Link between Hashimoto’s thyroiditis and lichen planus.

Today I am reviewing an article about my FAVORITE subject! Autoimmune associations!

The article, titled: Possible link between Hashimoto’s thyroiditis and oral lichen planus: a novel association found, was published in May of this year in the journal Clinical Oral Investigations.

Why I like this article:
In addition to narcolepsy, I also struggle with Hashimoto’s thyroiditis and lichen planus. (My lichen planus is predominantly on my ankles, however, and not in my mouth as it is for many people, including those covered in this article). The lichen planus appeared before I was formally diagnosed with Hashimoto’s, however, it is difficult to know when I developed Hashimoto’s, and it isn’t unreasonable to assume that I may have had the Hashimoto’s for quite some time prior to developing lichen planus.
What they found: 
The authors found that more people with oral lichen planus (OLP) had a higher incidence of Hashimoto’s thyroiditis (HT) than those that did not. In fact, 14.3% of people with LP had Hashimoto’s (13% more than the general population, which has a 1% occurrence of HT). They also found that in 93.3% of the cases where Hashimoto’s and LP presented together, the Hashimoto’s thyroiditis came first, suggesting a causal role for circulating anti-thyroid antibody in lichen planus.
Though novel, the finding isn’t altogether surprising.  In fact, lichen planus is associated with many other autoimmune diseases, including Sjrogen’s syndrome and lupus, and is considered a common skin rash among autoimmune patients.
What is interesting about the association between Hashimoto’s and skin disorders such as lichen planus, however, is that keratinocytes (skin cells) have been shown to express receptors for thyroid hormones, thus potentially serving as an extra-thyroid site of organ specific autoimmune attack.  This is speculative, as of yet, but it will be interesting to see if these antigens are upregulated in lichen planus lesions of individuals with Hashimoto’s thyroiditis.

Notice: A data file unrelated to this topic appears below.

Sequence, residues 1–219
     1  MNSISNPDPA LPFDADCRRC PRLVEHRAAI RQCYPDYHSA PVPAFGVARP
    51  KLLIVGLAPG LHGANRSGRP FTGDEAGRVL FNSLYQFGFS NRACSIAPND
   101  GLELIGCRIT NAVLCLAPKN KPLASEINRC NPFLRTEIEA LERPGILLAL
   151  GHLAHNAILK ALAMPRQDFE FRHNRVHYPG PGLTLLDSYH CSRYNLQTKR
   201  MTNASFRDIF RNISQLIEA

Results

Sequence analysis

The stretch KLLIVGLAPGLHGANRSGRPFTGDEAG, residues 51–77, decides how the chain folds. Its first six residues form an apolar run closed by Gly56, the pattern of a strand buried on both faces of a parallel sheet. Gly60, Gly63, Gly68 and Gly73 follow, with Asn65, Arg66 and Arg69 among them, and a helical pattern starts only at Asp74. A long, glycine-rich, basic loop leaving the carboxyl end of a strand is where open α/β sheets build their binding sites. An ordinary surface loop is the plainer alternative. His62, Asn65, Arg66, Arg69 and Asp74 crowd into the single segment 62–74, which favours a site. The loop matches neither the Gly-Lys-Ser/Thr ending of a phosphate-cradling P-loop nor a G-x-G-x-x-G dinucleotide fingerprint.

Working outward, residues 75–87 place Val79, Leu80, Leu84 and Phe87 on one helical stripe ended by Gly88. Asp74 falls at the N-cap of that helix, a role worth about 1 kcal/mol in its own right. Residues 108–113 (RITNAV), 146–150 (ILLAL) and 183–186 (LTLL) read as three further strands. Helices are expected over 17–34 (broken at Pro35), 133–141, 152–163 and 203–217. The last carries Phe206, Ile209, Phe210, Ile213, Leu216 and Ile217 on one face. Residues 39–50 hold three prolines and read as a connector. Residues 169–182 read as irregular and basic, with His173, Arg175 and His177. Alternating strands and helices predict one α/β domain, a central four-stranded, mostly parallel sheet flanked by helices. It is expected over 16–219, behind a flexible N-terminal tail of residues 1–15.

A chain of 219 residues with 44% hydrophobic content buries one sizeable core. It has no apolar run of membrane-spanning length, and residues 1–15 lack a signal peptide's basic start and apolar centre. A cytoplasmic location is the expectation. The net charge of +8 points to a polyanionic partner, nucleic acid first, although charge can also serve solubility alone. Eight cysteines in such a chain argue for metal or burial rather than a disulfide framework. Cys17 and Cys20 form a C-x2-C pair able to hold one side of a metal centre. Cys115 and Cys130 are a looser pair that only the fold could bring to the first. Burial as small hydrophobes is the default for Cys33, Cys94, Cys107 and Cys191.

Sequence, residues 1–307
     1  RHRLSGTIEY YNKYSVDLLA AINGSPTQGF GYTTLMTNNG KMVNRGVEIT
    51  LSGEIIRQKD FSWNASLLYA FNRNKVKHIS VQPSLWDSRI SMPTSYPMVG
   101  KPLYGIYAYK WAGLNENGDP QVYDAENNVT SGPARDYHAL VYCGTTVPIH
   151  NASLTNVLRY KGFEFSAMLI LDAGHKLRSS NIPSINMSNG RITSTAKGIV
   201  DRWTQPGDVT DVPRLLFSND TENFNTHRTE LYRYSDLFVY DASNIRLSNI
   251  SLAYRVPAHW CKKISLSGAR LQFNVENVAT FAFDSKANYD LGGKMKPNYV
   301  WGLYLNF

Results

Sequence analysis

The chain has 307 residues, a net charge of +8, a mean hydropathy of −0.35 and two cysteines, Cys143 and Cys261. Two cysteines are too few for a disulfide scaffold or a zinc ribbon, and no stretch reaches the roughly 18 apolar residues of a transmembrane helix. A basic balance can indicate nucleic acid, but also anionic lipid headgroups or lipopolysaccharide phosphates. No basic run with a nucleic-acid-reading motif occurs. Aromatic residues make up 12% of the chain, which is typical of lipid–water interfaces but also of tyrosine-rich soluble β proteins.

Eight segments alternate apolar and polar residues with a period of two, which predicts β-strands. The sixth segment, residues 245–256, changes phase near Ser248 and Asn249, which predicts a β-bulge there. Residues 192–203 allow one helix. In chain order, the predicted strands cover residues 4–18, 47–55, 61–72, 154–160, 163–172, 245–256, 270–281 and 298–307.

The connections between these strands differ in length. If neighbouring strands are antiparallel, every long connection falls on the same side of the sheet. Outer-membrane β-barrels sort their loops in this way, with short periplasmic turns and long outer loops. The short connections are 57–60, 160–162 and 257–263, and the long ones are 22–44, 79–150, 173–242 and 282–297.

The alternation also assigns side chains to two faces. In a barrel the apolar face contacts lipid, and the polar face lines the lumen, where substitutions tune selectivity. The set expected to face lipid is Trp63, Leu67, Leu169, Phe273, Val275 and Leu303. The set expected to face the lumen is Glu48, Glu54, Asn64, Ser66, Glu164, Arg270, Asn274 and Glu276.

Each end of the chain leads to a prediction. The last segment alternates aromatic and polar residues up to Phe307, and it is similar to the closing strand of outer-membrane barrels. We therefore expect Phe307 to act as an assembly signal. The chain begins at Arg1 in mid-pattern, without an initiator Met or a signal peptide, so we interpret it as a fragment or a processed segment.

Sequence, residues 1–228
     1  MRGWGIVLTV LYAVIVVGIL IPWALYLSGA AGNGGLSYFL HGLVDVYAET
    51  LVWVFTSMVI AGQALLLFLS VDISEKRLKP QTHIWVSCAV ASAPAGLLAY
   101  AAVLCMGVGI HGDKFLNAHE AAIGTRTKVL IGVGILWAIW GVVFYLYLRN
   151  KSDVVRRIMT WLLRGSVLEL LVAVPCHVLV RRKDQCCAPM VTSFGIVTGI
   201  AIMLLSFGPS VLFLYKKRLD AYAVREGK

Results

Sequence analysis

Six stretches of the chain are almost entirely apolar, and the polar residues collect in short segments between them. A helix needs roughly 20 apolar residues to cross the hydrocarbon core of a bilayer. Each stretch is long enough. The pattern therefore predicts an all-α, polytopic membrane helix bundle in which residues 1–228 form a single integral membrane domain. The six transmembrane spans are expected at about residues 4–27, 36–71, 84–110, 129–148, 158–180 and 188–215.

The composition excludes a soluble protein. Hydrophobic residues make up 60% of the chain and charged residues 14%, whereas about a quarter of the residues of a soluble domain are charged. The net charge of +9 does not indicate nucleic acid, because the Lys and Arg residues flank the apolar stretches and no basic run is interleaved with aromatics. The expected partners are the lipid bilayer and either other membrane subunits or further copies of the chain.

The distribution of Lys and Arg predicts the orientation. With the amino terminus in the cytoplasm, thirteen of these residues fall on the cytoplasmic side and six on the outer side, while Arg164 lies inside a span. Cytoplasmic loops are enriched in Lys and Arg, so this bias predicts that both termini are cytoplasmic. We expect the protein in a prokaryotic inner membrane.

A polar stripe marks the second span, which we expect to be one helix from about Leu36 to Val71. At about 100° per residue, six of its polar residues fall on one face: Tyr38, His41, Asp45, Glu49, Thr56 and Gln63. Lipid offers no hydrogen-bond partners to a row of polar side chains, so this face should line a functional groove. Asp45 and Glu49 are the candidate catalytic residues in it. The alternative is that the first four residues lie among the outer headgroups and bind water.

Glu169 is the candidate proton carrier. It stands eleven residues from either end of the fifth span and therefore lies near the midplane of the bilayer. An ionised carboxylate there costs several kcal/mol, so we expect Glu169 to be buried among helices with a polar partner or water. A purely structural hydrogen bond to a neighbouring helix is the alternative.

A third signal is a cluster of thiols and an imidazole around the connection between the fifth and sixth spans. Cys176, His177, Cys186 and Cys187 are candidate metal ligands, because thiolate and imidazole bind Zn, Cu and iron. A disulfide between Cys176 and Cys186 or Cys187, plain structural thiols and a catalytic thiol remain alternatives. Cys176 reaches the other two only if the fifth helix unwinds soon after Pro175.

5 thoughts on “Link between Hashimoto’s thyroiditis and lichen planus.

  1. I also have lichen planus…(not the oral kind) and hashimoto’s as well.
    Do you feel like your gluten free diet has helped with lichen planus? Mine is particularly bad as of late and I can’t imagine taking steroid treatment…sometimes I wonder if it could be related to gluten or processed foods.

    • Hi Margaux,

      I may write a post on this soon. Unfortunately, I have not noticed a difference in gluten free diet and my lichen planus. There are TSH receptors in the skin, and lichen planus has been linked to Hashimoto’s. I think that the autoimmune reaction that causes Hashimoto’s also attacks the skin because both the cells of the skin and the thyroid express some of the same things. So they body probably intends to attack the thyroid, and it also “accidentally” attacks the skin because it is wearing the same color uniform.
      It has also been shown that a gluten free diet doesn’t make Hashimoto’s go away or get better, although there is good evidence that untreated celiac disease or gluten intolerance may lead to thyroid disease/Hashimoto’s in the first place. I would suspect that a gluten free diet will not help Hashimoto’s or lichen planus directly, although I found that it did help many of the other autoimmune and gluten-intolerant like symptoms I was having. I have also found that it helps the fatigue associated with the Hashimotos.

  2. I have had HT for 40 years, my mother had it, as have my two daughters & one of my sons.(My grandchildren & great-grandchildren have not, so far, shown any signs.)

    6 years ago I had the first bout of oral LP, which has come and gone, over the years, with the only effective treatment being a steroid spray, used until the attack subsides.

    One of my daughters & my HT affected son, have LP. Is this another thread of evidence of a connection, I wonder.

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  4. My currently 8 year old daughter has had mildly elevated TSH (4.3-4.9) for the past 1.5 years. She very recently has been diagnosed with lichen sclerosus. There is some diagnosed autoimmune disease in grandparents and some undiagnosed autoimmune symptoms in mom. Not really sure how alarmed to be or what to do next. Any suggestions?

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